The Meaning of Chow (It's In His Mouth)
Ultimately, it comes down to his mouth.
Chow Yun-Fat is the coolest movie actor in the world today,
and the only way I can explain this is to talk about his
mouth. He does cool things with his mouth. Smoking cigarettes
is no longer an emblem of cool in the USA, but Chow does
wonders with cigarette smoke in Prison On Fire. Director
Ringo Lam understands this; like most of the great Hong Kong
directors, he loves using slow motion and freeze frames to
pinpoint important moments in his movies, and he saves a few
of the most elegant slow-motion sequences for Chow blowing
smoke and looking cool.
In John Woo's over-the-top classic, Hard Boiled (the rough
literal translation of the Chinese title is Spicy-Handed Gun
God), Chow plays with a toothpick. There are few movie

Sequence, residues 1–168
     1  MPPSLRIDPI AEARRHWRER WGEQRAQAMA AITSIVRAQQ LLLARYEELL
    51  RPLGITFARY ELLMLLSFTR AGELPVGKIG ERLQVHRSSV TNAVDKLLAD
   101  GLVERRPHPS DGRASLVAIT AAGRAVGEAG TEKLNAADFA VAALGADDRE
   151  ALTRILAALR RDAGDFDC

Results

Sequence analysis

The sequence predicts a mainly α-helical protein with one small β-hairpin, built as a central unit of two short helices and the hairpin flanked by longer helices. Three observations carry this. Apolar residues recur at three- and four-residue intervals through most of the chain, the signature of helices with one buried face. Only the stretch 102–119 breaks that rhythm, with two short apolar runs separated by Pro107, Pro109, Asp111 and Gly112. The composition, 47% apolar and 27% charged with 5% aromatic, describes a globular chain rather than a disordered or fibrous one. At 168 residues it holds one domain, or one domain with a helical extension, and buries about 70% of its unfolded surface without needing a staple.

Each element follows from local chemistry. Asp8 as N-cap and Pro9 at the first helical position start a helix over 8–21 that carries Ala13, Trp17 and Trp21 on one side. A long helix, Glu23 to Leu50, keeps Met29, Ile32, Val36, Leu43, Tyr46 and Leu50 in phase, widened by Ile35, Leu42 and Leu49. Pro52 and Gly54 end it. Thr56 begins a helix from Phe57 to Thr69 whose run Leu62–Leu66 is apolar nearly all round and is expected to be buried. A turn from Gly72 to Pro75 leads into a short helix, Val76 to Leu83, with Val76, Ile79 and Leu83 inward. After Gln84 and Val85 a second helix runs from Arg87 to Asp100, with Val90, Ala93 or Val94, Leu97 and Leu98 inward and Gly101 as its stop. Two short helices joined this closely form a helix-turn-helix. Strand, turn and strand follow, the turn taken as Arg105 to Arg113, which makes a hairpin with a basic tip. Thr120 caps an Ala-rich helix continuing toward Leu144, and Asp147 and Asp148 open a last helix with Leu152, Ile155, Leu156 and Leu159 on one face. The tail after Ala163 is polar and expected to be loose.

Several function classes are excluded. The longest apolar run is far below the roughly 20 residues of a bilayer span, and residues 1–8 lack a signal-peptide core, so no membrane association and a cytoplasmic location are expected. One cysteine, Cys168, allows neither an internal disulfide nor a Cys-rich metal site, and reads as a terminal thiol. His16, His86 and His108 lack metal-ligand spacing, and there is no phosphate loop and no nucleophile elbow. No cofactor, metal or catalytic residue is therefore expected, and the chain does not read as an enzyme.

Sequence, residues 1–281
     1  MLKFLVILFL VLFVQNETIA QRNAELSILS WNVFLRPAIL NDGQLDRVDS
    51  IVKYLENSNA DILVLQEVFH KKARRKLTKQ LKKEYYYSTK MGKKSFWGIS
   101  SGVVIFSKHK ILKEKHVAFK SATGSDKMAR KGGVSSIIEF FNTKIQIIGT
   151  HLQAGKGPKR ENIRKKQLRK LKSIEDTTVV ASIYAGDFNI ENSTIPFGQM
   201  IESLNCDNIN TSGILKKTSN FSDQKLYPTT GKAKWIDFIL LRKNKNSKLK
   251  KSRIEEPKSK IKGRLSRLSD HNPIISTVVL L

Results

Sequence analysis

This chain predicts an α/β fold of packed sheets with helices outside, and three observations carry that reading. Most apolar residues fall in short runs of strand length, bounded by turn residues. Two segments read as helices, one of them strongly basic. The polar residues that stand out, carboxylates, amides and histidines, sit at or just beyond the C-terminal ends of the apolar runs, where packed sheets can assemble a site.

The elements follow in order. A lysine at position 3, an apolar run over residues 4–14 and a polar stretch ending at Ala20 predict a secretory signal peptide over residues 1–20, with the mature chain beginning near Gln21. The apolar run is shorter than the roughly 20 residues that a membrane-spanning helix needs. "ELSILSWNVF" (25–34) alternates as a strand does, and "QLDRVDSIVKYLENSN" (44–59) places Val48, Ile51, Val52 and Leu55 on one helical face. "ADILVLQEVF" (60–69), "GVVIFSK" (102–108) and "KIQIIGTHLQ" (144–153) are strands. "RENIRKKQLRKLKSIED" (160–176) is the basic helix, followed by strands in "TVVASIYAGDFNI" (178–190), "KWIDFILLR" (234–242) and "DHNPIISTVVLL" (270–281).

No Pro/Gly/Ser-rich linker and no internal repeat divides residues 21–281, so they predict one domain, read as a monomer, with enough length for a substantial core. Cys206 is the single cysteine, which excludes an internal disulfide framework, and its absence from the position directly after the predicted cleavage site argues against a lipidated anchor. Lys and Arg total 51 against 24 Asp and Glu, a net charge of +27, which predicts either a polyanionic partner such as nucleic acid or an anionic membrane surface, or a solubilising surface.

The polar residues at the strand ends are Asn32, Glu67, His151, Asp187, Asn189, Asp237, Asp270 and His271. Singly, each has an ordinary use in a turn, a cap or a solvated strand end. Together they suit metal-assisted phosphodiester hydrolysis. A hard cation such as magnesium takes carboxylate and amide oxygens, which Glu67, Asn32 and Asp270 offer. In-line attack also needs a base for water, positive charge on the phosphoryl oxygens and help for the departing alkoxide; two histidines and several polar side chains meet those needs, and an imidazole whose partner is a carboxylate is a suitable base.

moments more violently cool than the shot of Chow, a gun in
each hand, sliding down a stair banister blasting a dozen bad
guys while letting his toothpick hang just so from the side
of his mouth.
In God of Gamblers, Chow plays a gambler who
gets a bump on his head that turns him into some
quasi-autistic prodigy, like Dustin Hoffman in Rain Man. Chow
retains his intuitive skill at playing cards, but now he must
be pacified by constant pieces of chocolate that he scarfs
greedily, goofy smile on his face. Blowing smoke, dangling
his toothpick, eating chocolate, or just smiling ...
ultimately, when trying to explain why Chow Yun-Fat is cool,
it comes down to his mouth.
Everything I have said so far describes a subjective reaction
to watching Chow Yun-Fat on the screen. Fill in the name of
your favorite actor or actress, change the specific
references, and this could be your...